"It was kind of like being dropped in a big pit last year, a snake pit," McDonald said.
Now entering his sophomore season, McDonald has been temporarily given an even tougher job: replacing holdout Vernon Davis.
McDonald said he expects last year's leader in touchdown receptions (13) to be back at some point during training camp despite his contract impasse with the team. But in the meantime the former second-round pick received the lion's share of reps with the starters during the offseason program as he hopes to improve on his mixed-bag of a rookie campaign.
How did things go in minicamp? Again, a mixed bag. McDonald had a rough first day of the three-day camp, as did the entire offense. But he improved as the week went along. Davis' stark absence loomed over everything considering the regular aerial displays he put on withColin Kaepernick last summer. It was no surprise Davis received 96 targets last year while McDonald got just 19.
But during pad-less minicamp practices, McDonald predictably showed a better grasp of the offense this time around.
"It's all about timing. . .Compared to last year, I would term it smooth. It was just a lot more smooth," said McDonald.
Traditionally the 49ers use two-tight end sets more than any team in the NFL which plays an important part in their running game. And even though they added Stevie Johnson, Brandon Lloyd and Bruce Ellington to the receiving corps this offseason, expect them to remain heavily reliant on its physical running style. McDonald was asked to block on 62 percent of his snaps, according to Pro Football Focus.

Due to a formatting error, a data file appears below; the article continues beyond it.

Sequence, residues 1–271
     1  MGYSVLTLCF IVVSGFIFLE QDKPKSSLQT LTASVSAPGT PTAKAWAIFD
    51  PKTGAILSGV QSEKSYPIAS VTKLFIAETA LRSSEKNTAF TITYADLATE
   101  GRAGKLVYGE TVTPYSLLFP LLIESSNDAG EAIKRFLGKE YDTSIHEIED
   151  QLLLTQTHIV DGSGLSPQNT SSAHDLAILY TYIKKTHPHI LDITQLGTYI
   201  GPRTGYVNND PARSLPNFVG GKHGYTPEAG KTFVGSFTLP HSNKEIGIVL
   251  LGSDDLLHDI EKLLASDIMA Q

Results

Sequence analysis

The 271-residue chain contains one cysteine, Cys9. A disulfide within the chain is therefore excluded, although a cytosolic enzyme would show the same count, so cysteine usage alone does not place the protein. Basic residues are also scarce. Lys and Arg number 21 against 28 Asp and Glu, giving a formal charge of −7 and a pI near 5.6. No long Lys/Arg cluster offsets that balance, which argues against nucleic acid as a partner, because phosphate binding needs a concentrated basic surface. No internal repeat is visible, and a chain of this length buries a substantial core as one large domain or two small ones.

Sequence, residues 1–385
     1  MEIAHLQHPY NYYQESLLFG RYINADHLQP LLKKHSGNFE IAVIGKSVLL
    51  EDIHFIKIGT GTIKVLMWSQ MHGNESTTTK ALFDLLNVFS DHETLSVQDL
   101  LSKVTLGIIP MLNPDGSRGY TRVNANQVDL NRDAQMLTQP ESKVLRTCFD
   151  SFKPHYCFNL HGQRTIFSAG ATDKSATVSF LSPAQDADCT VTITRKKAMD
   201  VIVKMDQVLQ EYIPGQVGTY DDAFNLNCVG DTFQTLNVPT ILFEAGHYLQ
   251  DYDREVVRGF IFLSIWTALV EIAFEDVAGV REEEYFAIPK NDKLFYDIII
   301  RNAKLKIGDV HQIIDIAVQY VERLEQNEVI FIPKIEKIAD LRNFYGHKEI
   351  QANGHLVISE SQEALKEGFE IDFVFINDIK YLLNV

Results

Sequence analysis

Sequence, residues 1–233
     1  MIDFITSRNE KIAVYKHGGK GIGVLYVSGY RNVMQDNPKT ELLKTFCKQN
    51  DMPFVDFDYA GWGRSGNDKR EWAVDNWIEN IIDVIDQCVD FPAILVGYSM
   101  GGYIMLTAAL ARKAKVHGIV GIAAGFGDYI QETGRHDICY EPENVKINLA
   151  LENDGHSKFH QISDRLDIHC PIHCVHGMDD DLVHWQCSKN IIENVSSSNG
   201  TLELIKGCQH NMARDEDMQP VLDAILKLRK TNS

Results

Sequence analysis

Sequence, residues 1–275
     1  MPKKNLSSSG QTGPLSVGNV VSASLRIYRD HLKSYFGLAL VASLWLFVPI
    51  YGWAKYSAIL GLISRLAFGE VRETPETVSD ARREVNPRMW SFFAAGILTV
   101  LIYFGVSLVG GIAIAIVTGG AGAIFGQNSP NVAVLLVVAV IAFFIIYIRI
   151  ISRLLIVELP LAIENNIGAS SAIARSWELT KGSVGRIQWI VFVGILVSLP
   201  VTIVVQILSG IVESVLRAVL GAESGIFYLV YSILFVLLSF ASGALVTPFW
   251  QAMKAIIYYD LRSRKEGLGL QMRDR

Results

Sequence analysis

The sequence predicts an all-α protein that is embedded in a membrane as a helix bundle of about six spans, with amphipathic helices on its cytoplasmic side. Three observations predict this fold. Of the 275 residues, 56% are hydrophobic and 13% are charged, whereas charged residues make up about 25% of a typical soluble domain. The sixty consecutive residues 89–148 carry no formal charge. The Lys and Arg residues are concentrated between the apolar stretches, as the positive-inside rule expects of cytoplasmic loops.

Which is why McDonald is an important player to watch in 2014. His usage (or lack thereof) will be a key indicator of the direction of the offense. That direction will likely be a product of the speed of his development in training camp later this summer.
"He's got a lot of experience under his belt," offensive coordinator Greg Roman said. "He was very instrumental in our rushing attack last year. (He) didn't have a lot of opportunities in the passing game - that'll probably pick up more. But he wore a lot of different hats last year. He was a little bit of a Swiss Army knife, so he's got a lot of experience to draw on."
McDonald's job last season was largely a thankless one. Glaring drops in the passing game - like the one late in Week 10's loss to the Carolina Panthers - overshadowed a number of key blocks he made on running plays. But the 49ers didn't use a second-round pick on him to be a one-dimensional blocking tight end.
Oddly enough, McDonald was known more for his receiving skills coming out of Rice - where he led the team with 43 catches for 532 yards and five touchdowns his junior season. He made just 9 receptions for 132 yards as a rookie in San Francisco.
"You're expected to know everything the day of and there's so much information because of the new system," said McDonald. "But once you start going, you just get to focus so much more on defensive schemes and just the player across from you - what he's going to do, the technique he's using. There's so much more you can see without having to worry about ‘what's my assignment.'"
If Davis continues to hold out, the focus on McDonald will intensify. After all, Davis is the only tight end in league history with two 13-touchdown seasons. And he accounted for 62 percent of the team's scoring receptions last fall.
But there have been some indications from the offseason program signal a shift in offensive philosophy after the 49ers faced more loaded boxes than any team in football in 2013. In order to balance out the looks they receive from opposing defenses, they're going to have to find ways to spread defenses out with multi-receiver sets.
Until the offense and Kaepernick prove they can work effectively in those sets, McDonald will remain a key component worth watching in training camp - especially if No. 85 remains away from the action.
*Statistics from Pro Football Focus were used in this report*
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